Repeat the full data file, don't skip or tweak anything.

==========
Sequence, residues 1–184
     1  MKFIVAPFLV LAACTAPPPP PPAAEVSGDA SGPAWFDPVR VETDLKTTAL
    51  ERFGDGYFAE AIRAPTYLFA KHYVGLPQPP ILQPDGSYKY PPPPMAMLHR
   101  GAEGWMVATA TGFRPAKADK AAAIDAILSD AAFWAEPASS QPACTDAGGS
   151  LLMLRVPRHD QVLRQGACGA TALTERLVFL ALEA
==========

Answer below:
Sequence, residues 1–184
     1  MKFIVAPFLV LAACTAPPPP PPAAEVSGDA SGPAWFDPVR VETDLKTTAL
    51  ERFGDGYFAE AIRAPTYLFA KHYVGLPQPP ILQPDGSYKY PPPPMAMLHR
   101  GAEGWMVATA TGFRPAKADK AAAIDAILSD AAFWAEPASS QPACTDAGGS
   151  LLMLRVPRHD QVLRQGACGA TALTERLVFL ALEA